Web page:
The invasion effectively destroyed Kyivan Rus, leading to the establishment of the Golden Horde, a Mongol state that had control over the fragmented Rus principalities. In the aftermath, the once-unified state splintered into independent entities.

Gradually, the different principalities that remained of Kyivan Rus led to distant empires in the future.

Vladmir-Suzdal acted as the precursor for Russia. Some feel Polatsk was the precursor for the nation of Belarus. The aforementioned Galicia-Volhynia principality acted as the precursor ancestor of Ukrainian nationalism.

After Kyivan Rus was broken up, there was a cultural and religious divergence, with western territories inside modern-day Ukraine maintaining closer ties with European influences. The eastern regions, particularly areas near modern-day Moscow, were more influenced by Mongol and Byzantine traditions.

Even though it had been burned down, Moscow began to rise in prominence as a significant city, capitalizing on the weakened central authority.

The fragmentation left a lasting legacy on the subsequent histories of Russia and Ukraine. Russia evolved as a centralized state with a strong autocratic rule, influenced by the Mongol period, while Ukraine experienced a complex history of interactions with neighboring powers.

The division during the Kyivan Rus era played a pivotal role in shaping the distinct historical trajectories of Ukraine and Russia.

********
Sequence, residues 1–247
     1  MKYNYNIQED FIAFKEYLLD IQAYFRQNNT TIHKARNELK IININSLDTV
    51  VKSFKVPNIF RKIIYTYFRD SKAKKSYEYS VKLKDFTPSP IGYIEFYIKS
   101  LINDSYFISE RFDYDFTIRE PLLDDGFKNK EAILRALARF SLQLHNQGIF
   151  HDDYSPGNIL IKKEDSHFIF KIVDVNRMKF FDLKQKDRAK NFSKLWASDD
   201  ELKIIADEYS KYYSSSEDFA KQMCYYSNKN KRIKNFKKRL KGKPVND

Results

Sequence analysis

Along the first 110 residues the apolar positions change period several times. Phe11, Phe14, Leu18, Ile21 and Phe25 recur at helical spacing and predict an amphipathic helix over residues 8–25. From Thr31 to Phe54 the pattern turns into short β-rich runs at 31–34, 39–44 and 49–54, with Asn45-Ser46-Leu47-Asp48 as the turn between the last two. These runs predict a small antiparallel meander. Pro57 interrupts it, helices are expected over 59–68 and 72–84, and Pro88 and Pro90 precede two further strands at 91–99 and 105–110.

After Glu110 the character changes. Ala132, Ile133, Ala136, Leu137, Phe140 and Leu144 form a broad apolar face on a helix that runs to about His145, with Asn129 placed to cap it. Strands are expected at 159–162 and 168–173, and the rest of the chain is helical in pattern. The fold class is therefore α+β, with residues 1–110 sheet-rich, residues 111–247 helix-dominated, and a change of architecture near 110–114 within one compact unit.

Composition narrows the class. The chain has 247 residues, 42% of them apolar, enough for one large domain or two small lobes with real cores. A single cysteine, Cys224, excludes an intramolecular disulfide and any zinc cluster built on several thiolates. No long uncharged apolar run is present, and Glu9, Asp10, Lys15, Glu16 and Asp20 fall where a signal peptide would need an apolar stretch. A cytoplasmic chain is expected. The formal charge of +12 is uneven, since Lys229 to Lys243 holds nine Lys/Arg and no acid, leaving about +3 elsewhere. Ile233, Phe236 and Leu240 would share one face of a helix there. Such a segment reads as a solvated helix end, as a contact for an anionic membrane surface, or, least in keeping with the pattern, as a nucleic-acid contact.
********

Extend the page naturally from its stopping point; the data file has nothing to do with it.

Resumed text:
Kyivan Rus in Contemporary Discourse

Pins with flags and red threads on wooden maps.
Pins with flags and red threads on wooden maps.

Nowadays, all three of Russia, Ukraine, and Belarus call Kyivan Rus the beginning of their heritage.

In Russian discourse, Kyivan Rus is often acknowledged as a foundational period that laid the groundwork for the development of the Russian state. The legacy of Kyivan Rus is celebrated as part of Russia's historical identity.

In Ukrainian narratives, Kyivan Rus also holds a central place as the cradle of Ukrainian statehood and identity. The period is commemorated for its cultural and political significance, emphasizing the distinctiveness of Ukrainian heritage. The establishment of the Saint Sophia Cathedral and the Russkaya Pravda are highlighted as symbols of Ukraine's rich cultural and legal traditions.

While both Russian and Ukrainian historical narratives recognize the importance of Kyivan Rus, the interpretations vary. How the countries both view Yaroslav the Wise is a perfect example of that.

In Russia, Yarosla is often portrayed as a smart and capable ruler who significantly contributed to the development of a centralized state. His achievements, such as the Russkaya Pravda and alliances with European powers, are emphasized as part of the broader Russian historical narrative, showcasing a connection to European cultural and legal traditions.

Well, in Ukrainian historical narratives, Yaroslav is also celebrated as a national hero who laid the foundations for Ukrainian statehood. His support for the Christianization of Kyivan Rus and cultural initiatives, such as the construction of the Saint Sophia Cathedral, is highlighted as integral to Ukrainian heritage.